The numbers suggest it’s pretty random, and the degree to which it can be predicted relies a lot on game situations – get the lead, and force the other team to pass, particularly on third and long (sounds like a description of Alabama football). The effect of Miami’s “turnover chain” may have been on the psychology of the opposing quarterback.
<LINK_TEXT text=“http://www.espn.com/college-football/st … -turnovers”>http://www.espn.com/college-football/story/_/id/24142400/coaches-their-everlasting-quest-coach-turnovers</LINK_TEXT>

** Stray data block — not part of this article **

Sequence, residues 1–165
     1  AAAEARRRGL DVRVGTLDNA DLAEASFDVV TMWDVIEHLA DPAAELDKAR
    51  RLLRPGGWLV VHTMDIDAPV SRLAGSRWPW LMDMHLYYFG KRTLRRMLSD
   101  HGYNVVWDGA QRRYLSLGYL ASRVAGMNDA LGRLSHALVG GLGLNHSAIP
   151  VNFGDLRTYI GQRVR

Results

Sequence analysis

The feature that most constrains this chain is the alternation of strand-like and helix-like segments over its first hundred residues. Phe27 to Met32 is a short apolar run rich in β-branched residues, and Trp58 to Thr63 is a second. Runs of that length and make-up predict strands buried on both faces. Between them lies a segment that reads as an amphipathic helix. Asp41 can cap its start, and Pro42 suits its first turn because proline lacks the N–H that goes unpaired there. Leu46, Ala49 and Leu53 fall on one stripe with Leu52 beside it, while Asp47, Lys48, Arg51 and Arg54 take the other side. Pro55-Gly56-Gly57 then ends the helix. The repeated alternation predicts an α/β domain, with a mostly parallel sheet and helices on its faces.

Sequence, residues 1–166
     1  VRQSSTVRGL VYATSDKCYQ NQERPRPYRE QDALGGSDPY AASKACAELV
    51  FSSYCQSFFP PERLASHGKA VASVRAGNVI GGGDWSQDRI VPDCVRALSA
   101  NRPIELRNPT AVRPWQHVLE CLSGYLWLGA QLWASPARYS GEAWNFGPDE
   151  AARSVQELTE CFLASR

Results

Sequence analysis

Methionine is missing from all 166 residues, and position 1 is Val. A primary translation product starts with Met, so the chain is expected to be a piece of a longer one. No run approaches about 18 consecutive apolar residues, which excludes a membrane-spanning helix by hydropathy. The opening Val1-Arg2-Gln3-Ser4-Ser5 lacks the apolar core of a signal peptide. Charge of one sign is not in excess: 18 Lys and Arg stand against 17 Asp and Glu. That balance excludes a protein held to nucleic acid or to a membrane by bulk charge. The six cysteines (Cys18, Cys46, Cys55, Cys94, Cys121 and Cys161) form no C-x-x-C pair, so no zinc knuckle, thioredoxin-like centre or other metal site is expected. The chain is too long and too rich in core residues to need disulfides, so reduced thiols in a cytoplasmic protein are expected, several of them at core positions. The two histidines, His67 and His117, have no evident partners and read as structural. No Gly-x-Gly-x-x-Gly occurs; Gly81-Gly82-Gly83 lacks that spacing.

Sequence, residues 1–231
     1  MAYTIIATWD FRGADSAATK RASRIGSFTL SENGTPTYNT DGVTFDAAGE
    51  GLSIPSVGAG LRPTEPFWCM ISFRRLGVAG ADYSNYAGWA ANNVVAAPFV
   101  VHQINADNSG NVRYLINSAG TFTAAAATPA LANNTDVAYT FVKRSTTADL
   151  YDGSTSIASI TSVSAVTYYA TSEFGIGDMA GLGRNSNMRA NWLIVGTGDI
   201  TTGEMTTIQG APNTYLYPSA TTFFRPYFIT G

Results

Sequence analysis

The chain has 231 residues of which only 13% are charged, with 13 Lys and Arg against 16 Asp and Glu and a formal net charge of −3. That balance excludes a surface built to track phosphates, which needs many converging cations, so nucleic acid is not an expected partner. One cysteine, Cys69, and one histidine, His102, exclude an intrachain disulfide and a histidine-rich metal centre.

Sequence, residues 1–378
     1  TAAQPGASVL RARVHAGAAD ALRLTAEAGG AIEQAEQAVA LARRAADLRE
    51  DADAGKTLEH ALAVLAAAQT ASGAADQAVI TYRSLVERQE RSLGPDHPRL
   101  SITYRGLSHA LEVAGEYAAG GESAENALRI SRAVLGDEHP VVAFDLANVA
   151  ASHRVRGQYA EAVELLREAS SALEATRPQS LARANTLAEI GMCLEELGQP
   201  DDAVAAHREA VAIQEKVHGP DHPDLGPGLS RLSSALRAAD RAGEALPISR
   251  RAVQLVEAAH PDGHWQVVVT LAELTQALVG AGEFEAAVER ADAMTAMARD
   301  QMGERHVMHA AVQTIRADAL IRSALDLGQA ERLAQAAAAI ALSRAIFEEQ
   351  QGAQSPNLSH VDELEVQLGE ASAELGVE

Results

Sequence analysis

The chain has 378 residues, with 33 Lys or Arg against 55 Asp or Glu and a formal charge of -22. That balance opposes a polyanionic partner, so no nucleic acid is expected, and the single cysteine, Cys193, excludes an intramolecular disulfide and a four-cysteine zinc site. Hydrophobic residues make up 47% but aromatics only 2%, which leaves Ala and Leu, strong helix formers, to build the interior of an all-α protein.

What I wrote in the first paragraph reminds me, actually, of what OH, or Jim Bailey, wrote in the first edition of “The Razorbacks,” their history of Hog football. Discussing the 1968 team, which went 10-1, they talked about risk-taking by opponents was at an all-time high that season, and the Hogs feasted on making them pay for taking those risks, particularly on interceptions by guys like Gary Adams and Jerry Moore. Taking those risks when they’re trailing and facing third and long, no doubt.